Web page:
WHAT to make of the joint government deal between the SNP and the Greens?

The first wave of opinion was that it looked bad for the SNP, as minority-taste Green policies would offer an easy target to opponents.

The second reckoned it was actually a cute move by Nicola Sturgeon.

The First Minister, knackered and bruised after the election and the pandemic, had got some human shields in the form of two yet-to-be-named Green ministers.

While she breathed out, her gullible chums would draw the flak, and give an exhausted SNP administration some much needed respite.

There has also been speculation about which party will profit - and which plummet - at the ballot box as a result of the arrangement. It’s not that simple of course. It’s not a seesaw, with one party up and one down.

However I think there is a particular risk for one shared endeavour.

Last week, as the deal was being finalised, the former SNP MSP Andrew Wilson was being thoughtful on the Scotland’s Choice podcast.

The author of the SNP Growth Commission, the party’s economic blueprint for independence, warned against rushing into a new currency.

SNP policy is to use the pound after a Yes vote, perhaps for years, with a new currency “as soon as practicable” subject to meeting six economic tests.

Mr Wilson knows many in the SNP want to go far faster. That, he said, risked capital flight as people moved their money out the country, and devaluation which could affect people’s pensions and mortgages.

He then had a right go at “people who think the answer to all our problems is the ability to print money”.

This was a reference to Modern Monetary Theory (MMT), which posits that a government that controls its own currency can spend without restraint to create jobs and boost the economy, with the central bank simply creating money to pay for it.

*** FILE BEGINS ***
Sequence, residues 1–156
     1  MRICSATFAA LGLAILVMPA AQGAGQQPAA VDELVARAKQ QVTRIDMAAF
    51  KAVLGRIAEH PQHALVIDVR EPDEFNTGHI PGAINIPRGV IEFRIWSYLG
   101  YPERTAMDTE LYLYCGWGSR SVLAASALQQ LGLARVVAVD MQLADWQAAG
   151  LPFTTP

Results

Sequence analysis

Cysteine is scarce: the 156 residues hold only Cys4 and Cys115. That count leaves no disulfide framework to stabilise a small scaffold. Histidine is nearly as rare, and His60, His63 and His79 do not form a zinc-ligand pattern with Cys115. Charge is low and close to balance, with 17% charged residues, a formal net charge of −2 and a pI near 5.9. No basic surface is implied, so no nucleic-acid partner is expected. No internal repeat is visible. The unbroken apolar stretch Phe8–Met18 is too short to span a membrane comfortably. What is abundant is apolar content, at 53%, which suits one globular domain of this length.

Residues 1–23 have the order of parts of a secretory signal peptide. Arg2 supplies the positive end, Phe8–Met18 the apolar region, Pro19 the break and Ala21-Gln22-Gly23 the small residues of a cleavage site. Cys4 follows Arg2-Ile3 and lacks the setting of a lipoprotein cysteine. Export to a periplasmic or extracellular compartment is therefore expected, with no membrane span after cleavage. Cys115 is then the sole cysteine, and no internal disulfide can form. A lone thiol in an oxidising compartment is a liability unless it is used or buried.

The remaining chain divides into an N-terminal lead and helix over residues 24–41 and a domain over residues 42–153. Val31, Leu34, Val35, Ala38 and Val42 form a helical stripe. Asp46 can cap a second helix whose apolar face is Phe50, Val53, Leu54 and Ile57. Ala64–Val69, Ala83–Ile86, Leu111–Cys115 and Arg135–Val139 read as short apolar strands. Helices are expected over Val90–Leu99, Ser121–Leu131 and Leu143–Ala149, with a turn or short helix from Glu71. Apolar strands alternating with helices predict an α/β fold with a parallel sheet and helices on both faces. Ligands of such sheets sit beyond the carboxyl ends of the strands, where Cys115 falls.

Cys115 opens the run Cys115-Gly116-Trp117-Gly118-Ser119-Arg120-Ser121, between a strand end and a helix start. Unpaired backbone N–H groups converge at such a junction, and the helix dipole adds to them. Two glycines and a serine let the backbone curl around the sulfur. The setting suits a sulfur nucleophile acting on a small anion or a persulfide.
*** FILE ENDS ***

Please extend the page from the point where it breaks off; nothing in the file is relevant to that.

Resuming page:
Deficits aren’t a problem. Only when the employment peaks and inflation starts rising should the government (which has to be omniscient to get the calculations right) cut spending or raise taxes.

Critics, who note MMT can also stand for Magic Money Tree, say it’s a recipe for hyperinflation and ruin. Mr Wilson is among them.

The evidence, he said, is not that printing money leads to “economic salvation”, but to “the opposite”.

He told the podcast: “Why is modern monetary theory not practised in any country at present?

“Because it is a high risk policy for any country. It would be, I think, very irresponsible for a new country like Scotland, going into the debt markets for the first time, to be devaluing our own currency. It could cause dramatic problems for the new state. The pied pipers of MMT are, I think, a danger to the national movement.”

Which brings us back to the Scottish Greens, who not only want a swift transition to a new currency in the event of independence, they want it in order to crack on with MMT.

In a Holyrood election debate, co-leader Patrick Harvie said work on a new Scottish currency should start “immediately” after a Yes vote.

“For Greens, the purpose of independence is giving Scotland the ability to make the big economic choices,” he said. “And without an independent currency, I think you lack the ability to make those really big choices.”